Authoritarian Politics and Conspiracy Fictions: The Case of QAnon

Helen Young, Geoff M. Boucher
2022 Humanities  
The hypothesis of this article is that, for its adherents, QAnon is truthful, rather than true; that is, it captures their perception of the way things typically happen, rather than picturing what really has happened—and it does this in a way that seems more vivid and complete than actual experience. Why that is the case can be explained in terms of the peculiar nature of fictional representations, combined with the capacity of imaginary worlds, to symbolize real-world concerns in ways that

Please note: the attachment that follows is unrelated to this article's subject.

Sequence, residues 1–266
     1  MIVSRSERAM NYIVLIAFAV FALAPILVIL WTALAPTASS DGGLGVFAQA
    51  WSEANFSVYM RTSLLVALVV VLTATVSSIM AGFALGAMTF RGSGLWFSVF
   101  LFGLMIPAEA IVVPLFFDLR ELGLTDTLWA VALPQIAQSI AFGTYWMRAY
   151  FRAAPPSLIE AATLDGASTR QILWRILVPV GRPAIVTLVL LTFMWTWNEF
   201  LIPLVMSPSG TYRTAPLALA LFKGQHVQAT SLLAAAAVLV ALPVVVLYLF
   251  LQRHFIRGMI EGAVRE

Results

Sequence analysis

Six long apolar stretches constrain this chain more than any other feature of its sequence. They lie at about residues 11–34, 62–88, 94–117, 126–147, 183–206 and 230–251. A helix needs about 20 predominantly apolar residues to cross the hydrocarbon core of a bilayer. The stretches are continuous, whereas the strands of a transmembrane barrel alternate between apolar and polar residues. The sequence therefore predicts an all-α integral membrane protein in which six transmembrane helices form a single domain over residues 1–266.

more » ... nate with prejudices and preconceptions but escape direct censure. After reviewing the literature on the conspiracy movement, we argue for QAnon as a conspiracy story, rather than a conspiracy theory, and interpret that story as "structured like a fantasy", giving imaginative expression to a set of social feelings and normative grievances that would otherwise not dare speak their own names. We conclude that QAnon is an authoritarian fiction centered on anti-Semitic conspiracy beliefs that disturbingly reprise key themes of fascism, but that it presents this within the symbolic disguise of a fantasy scenario that is calculated to attract alienated white, middle-class and working-class, individuals. This argument helps explicate adherents' resistance to the falsification of Q claims and predictions.
doi:10.3390/h11030061 fatcat:rzvo5o3uzvhdfmsgfl5ak5cftm